Step 503 then segments the application and associated data in two or more segments. In the example of FIG. 4, six initial segments were created and some of the segments were further divided to form two or more components. The segmented information is preferably divided in a predetermined organization to aid the IC card processing of the segments.
Step 505 then sends the segments to the IC card one at a time. When the IC card receives a segment in its I/O buffer, it will store that segment in a location of its memory thus freeing up its I/O buffer for the next incoming segment. After all the segments have been transmitted, the application provider can send a transmission indicating no more segments are being transmitted or the number of segments can be sent at the beginning of the transmission. Alternatively, a known segment protocol can be followed.
FIG. 6 is a flow chart of the steps of processing the segmented information performed by the IC card. Step 601 receives a transmitted segment in the I/O buffer of the IC card. The entire segment will fit within the I/O buffer because of the processing performed at the application provider. Step 603 then stores the segment in available memory space after the microprocessor on the IC card identifies the proper memory space. The processor can check for the first available free memory space that is sufficient to store the segment. Once the segment is stored at a physical location, that location is recorded either in a segment address table, by a pointer or by any other conventional means. Different memory architectures can be used for storing the segments. For example, all the similar types of segments (e.g., program code) for the stored applications can be stored contiguously if desired. Alternatively, the processor can determine the space that is closest in size to the segment to be stored by scanning the memory. This will reduce any problems of fragmentation in the limited size IC card memory.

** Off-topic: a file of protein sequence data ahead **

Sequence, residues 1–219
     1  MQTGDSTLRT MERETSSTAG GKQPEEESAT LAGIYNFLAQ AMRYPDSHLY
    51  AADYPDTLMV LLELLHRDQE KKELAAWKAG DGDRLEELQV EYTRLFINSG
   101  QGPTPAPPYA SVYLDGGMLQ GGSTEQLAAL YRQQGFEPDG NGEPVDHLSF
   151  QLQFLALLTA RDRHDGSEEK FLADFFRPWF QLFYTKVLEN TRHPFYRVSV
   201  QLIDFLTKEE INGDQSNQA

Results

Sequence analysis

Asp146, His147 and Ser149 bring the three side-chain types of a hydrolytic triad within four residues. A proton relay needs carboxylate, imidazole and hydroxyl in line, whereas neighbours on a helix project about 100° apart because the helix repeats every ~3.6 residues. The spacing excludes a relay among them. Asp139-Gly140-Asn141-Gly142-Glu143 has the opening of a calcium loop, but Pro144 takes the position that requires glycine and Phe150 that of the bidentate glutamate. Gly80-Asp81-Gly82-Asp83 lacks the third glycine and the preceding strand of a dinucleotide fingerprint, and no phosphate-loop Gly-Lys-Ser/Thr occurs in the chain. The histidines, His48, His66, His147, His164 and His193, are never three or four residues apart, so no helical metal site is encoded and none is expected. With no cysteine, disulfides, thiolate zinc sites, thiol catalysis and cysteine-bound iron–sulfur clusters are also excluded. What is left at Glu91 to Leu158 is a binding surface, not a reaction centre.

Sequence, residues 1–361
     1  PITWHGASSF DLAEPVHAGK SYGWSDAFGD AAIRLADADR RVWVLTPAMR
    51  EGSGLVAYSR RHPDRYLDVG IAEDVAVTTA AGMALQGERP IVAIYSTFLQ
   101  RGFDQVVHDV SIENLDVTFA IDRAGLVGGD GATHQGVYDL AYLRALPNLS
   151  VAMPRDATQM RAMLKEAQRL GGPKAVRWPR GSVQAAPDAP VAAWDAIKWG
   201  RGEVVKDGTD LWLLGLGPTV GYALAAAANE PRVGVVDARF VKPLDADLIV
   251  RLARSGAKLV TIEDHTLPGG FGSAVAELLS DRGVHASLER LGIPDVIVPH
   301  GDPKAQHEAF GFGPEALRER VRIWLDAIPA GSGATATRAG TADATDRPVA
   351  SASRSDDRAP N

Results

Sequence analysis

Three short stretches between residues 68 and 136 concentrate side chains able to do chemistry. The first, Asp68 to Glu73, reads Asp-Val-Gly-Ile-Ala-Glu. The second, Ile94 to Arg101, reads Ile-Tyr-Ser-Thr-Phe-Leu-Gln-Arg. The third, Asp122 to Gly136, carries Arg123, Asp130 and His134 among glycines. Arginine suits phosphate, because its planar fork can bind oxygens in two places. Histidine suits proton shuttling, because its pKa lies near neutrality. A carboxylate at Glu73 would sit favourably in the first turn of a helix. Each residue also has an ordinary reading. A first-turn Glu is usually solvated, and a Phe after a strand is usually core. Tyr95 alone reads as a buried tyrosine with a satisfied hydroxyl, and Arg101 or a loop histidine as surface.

Step 605 determines if there are any additional segments to be stored. This step can be accomplished by checking earlier information regarding the number of segments which were being sent. It can also be accomplished by receiving a transmission indicating no more segments. Alternatively, the IC card can simply remain in a wait status until additional data or instructions is sent to the card. If the IC card determines that additional segments are being transmitted, the technique jumps back to step 601. If no more segments, the process ends.
The foregoing merely illustrates the principles of the invention. It will thus be appreciated that those skilled in the art will be able to devise numerous systems and methods which, although not explicitly shown or described herein, embody the principles of the invention and are thus within the spirit and scope of the invention.
For example, while loading an application and its associated data is discussed herein, the same flexible loading process can apply to transmitting other types of data such as data blocks, database files, word processing documents or any other type of data requiring to be transmitted in a segmented manner.